Beta-adrenergic drugs and risk of Parkinson's disease: A systematic review and meta-analysis

Ambrish Singh, Salman Hussain, Sreelatha Akkala, Jitka Klugarova, Andrea Pokorna, Miroslav Klugar, E. Haydn Walters, Ingrid Hopper, Julie A. Campbell, Bruce Taylor, Benny Antony

Research output: Contribution to journalReview ArticleResearchpeer-review

6 Citations (Scopus)


Background: Parkinson's Disease (PD) is a neurodegenerative disorder manifested by rest tremor, rigidity, bradykinesia, and postural instability. Recent pharmaco-epidemiological studies evaluating beta-adrenergic drug use and risk of PD have reported conflicting findings. Objectives: This systematic review and meta-analyses evaluate the association between beta-adrenergic (agonists and antagonists) drugs’ use and PD. Methods: An electronic literature search of eight databases was performed from inception to July 2021 to identify pharmaco-epidemiological studies (case-control and cohort) reporting the risk of PD in beta-adrenergic users compared to non-users. We used the generic inverse variance method and RevMan (5.3.5) to estimate pooled adjusted risk ratios (aRRs) of PD using a random-effects model. Results: Of 3168 records, 15 studies (10 case-control; five cohort) with 6508,877 participants, including 87,011 PD cases, were included. In the pooled analysis (n = 10) including any beta-antagonist users, compared with non-users, the aRR for PD was 1.19 (CI: 1.05,1.35); for any beta-agonist users (n = 8) aRR for PD was 0.87 (CI: 0.78,0.97). Propranolol users had a significantly increased risk of PD (aRR:1.91; CI:1.20,3.06), whereas salbutamol use was associated with reduced risk of PD (aRR:0.95; CI:0.92,0.99). Significant heterogeneity (I2 >87%) was observed, but the majority (n = 13) of the studies were of high quality, based on the JBI tool. Conclusions: Beta-antagonist use was associated with a modestly increased risk of PD, whereas beta-agonist use was associated with a modest decreased risk of PD. Future epidemiological studies should address the issues of protopathic bias and indirect association using appropriate epidemiological methods.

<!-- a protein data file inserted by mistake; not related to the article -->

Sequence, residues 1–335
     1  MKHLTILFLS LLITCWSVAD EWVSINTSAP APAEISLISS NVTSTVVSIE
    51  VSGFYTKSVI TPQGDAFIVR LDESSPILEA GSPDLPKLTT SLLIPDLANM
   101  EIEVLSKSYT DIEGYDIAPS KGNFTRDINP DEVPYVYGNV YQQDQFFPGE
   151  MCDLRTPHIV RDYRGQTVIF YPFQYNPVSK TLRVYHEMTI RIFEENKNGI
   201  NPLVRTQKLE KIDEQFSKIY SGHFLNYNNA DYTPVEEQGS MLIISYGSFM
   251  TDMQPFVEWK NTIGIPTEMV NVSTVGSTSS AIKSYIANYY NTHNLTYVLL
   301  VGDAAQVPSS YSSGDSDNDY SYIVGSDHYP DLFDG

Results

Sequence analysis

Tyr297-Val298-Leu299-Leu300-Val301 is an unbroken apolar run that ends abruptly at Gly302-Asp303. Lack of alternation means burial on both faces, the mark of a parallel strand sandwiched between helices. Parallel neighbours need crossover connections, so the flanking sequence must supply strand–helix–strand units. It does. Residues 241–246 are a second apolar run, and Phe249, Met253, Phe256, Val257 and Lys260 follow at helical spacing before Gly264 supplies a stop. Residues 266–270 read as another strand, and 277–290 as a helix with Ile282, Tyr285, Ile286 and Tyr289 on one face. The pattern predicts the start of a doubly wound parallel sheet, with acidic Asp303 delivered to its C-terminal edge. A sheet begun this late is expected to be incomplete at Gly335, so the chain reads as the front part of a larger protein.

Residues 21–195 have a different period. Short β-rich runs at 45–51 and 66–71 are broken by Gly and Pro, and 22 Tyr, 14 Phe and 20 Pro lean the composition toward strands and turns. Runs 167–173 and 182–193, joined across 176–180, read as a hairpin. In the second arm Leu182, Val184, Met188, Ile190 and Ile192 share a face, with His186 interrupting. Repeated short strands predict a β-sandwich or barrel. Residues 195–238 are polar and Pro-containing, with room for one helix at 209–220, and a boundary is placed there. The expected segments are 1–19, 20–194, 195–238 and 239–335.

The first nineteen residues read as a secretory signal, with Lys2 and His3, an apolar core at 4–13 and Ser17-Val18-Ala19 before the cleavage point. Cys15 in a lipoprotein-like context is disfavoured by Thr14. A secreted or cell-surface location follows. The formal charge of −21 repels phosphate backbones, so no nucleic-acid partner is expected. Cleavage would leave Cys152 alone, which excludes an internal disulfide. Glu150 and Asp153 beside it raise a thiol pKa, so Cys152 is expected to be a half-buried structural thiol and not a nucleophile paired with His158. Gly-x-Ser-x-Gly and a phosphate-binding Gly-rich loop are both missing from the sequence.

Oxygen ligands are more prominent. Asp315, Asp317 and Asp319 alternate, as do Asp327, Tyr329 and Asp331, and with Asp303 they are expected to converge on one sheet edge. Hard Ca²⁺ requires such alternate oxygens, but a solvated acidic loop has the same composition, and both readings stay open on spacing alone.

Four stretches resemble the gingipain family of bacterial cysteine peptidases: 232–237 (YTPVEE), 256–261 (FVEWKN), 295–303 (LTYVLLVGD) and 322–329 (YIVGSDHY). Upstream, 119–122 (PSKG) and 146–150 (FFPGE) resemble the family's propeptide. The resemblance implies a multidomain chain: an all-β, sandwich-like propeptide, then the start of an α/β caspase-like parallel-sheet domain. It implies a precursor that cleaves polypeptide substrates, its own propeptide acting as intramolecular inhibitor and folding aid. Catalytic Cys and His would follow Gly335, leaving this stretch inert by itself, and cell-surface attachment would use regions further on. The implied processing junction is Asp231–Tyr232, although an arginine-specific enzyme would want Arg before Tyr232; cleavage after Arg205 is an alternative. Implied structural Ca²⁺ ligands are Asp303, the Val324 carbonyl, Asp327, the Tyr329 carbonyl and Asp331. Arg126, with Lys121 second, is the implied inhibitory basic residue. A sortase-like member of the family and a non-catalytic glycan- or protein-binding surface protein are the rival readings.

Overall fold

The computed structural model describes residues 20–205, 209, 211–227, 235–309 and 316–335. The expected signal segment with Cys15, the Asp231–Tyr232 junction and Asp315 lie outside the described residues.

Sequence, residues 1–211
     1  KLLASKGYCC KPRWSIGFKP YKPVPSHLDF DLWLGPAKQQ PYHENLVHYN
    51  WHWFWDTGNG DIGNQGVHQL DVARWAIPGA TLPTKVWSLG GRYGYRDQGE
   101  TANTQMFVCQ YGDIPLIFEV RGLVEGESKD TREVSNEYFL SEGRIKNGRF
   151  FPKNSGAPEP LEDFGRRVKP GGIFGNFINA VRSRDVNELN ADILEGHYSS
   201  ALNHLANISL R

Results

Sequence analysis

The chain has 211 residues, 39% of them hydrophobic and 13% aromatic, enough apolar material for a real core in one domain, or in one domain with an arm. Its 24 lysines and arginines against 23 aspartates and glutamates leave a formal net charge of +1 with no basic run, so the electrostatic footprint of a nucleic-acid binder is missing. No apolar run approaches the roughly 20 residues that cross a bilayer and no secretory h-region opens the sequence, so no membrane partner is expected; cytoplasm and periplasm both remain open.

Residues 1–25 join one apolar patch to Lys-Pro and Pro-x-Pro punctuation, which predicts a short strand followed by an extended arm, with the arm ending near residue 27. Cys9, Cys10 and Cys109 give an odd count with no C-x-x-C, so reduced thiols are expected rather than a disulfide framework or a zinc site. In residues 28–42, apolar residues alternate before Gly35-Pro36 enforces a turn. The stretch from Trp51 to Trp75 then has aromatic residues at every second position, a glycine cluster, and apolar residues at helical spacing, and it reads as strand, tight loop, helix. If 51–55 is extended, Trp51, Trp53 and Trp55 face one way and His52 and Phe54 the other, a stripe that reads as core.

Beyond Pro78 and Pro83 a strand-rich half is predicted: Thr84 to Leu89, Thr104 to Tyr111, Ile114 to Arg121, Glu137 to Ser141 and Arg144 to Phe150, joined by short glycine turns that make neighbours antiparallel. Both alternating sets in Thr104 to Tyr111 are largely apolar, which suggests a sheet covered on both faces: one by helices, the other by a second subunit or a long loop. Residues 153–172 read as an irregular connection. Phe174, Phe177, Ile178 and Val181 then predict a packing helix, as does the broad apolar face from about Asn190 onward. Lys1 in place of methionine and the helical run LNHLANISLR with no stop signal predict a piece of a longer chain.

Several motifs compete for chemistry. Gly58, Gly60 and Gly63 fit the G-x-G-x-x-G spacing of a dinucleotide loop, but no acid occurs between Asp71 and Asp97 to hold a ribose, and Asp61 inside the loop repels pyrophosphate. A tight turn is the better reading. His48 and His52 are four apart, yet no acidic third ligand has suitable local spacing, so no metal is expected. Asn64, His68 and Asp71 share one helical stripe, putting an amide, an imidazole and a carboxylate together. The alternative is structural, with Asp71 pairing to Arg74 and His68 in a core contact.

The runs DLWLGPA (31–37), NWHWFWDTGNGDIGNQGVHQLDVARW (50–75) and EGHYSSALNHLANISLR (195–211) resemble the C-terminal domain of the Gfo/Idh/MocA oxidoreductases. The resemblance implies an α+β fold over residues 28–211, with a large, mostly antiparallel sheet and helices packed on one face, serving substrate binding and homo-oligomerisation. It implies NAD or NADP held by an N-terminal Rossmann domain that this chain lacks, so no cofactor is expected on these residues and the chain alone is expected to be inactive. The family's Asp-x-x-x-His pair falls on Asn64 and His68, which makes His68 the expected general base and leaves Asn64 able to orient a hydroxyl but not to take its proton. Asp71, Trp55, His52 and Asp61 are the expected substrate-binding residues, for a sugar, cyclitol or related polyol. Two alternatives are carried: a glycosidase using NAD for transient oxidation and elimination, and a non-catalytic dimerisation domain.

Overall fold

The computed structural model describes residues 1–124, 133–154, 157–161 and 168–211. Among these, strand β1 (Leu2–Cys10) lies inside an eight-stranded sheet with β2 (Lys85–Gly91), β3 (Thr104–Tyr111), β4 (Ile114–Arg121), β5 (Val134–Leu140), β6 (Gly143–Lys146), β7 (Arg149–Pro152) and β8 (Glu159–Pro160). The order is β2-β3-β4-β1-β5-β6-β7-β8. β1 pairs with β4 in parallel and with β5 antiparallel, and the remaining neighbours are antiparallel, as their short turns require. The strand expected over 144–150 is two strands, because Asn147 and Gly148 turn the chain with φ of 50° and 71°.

Original languageEnglish
Article number101670
Number of pages13
JournalAgeing Research Reviews
Publication statusPublished - Sept 2022


  • Beta-adrenoceptors
  • Beta-agonist
  • Beta-antagonist
  • Beta-blockers
  • Parkinson's disease
  • Propranolol
  • Salbutamol

Cite this